Conversely, there are times when our government will choose to look the other way for various political and strategic reasons, when dealing with ill-behaved countries. And that won't help the Internet Four either.

A third possibility, which I've mentioned before, is legislation that attempts to set guidelines for doing business overseas. But what if well-intended laws miss the point and only make things worse?

At the moment, several congressmen have rebuffed the suggestion that the federal government take on responsibility for this issue. They say it's the vendors' problem even as they berate them for "squander[ing] not only their leverage to create positive change but American's moral authority." There's cheap and easy for you.

In the background is a raging debate over whether the US government has any right to tell another sovereign nation what to do.

Well, whether we have any rights there or not, China is not likely to let us tell it what to do. And yet, we can't just ignore the issue of censorship. We would not encourage any of these companies in markets overseas to exploit child labor, abuse the workforce or pollute the country - all illegal here, even if legal elsewhere. Doing so would outrage many customers here, and in other countries. So why would we look the other way on censorship, one of the most un-American values there is? Especially when we know it's getting people harassed, arrested and jailed.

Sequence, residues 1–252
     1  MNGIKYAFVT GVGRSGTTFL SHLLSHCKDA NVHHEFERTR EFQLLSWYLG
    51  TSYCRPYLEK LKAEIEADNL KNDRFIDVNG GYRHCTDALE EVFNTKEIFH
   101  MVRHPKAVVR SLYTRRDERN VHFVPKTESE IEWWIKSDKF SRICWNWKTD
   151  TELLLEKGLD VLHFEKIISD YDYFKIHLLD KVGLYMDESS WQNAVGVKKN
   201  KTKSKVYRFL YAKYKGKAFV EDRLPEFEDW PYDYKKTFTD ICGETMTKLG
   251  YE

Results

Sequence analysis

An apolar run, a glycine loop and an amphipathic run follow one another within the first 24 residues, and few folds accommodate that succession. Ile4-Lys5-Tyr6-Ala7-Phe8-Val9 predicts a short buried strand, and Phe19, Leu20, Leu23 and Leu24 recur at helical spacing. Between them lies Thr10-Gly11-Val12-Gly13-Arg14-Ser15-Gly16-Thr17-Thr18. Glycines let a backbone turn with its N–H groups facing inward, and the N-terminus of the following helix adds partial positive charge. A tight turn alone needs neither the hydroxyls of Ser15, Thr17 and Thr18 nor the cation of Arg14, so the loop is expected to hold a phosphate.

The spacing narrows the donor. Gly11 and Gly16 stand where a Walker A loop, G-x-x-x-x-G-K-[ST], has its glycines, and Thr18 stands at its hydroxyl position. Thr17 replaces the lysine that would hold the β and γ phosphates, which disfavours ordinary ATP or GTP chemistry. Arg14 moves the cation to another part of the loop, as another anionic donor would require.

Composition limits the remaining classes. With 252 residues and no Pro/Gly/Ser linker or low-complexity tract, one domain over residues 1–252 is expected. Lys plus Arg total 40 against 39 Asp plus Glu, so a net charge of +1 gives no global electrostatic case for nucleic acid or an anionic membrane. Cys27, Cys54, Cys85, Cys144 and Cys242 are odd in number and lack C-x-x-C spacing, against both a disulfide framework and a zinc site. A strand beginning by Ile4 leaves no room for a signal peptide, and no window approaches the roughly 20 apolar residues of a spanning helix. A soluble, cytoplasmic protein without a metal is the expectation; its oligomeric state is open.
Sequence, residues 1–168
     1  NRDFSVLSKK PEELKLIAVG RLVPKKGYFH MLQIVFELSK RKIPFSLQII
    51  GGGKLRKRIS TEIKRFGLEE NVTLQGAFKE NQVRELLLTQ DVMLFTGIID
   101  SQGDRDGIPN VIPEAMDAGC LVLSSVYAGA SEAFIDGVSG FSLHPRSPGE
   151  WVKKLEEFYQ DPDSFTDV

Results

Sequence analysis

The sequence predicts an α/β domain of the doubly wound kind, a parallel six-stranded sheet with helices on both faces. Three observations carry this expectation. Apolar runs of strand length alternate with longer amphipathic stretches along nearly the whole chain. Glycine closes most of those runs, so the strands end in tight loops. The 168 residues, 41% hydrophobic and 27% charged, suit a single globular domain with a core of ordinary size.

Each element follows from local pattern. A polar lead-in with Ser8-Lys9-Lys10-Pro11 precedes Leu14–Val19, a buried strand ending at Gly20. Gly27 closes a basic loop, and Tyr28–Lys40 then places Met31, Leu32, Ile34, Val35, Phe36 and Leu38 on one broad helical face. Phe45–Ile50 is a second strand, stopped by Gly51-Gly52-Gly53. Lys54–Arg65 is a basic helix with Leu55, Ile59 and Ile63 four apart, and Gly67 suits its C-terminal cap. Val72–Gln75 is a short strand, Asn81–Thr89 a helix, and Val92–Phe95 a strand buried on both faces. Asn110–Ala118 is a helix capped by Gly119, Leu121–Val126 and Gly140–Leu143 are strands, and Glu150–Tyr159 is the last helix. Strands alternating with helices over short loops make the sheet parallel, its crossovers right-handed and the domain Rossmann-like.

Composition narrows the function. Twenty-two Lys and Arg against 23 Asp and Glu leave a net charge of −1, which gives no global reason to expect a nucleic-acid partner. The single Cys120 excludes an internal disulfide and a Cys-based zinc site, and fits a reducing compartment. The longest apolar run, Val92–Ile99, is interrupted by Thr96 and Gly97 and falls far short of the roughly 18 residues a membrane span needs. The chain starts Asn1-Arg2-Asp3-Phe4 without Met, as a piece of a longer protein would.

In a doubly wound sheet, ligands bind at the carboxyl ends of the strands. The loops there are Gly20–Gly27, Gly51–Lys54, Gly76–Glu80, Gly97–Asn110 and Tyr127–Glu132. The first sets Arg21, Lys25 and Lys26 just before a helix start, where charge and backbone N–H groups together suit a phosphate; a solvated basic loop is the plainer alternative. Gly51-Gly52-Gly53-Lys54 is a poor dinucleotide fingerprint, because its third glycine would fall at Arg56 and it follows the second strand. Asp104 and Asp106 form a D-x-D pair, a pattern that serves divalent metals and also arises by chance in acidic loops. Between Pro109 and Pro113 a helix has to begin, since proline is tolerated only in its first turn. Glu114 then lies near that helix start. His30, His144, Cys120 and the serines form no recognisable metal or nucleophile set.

The players involved have to at least attempt to address this. The best thing we can do is focus on what we think American companies should do, and what role if any, the U.S. government should play. But that discussion will never happen as long as the two groups - the vendors and policy makers - refuse to talk to each other. Meanwhile, Andrew McLaughlin, Google's senior counsel, has an intriguing proposal: Treat censorship as a barrier to trade.

That seems like a pretty good stepping off point to a discussion that needs to take place, and soon. The question is, can we get both sides to the negotiating table, and get this conversation started?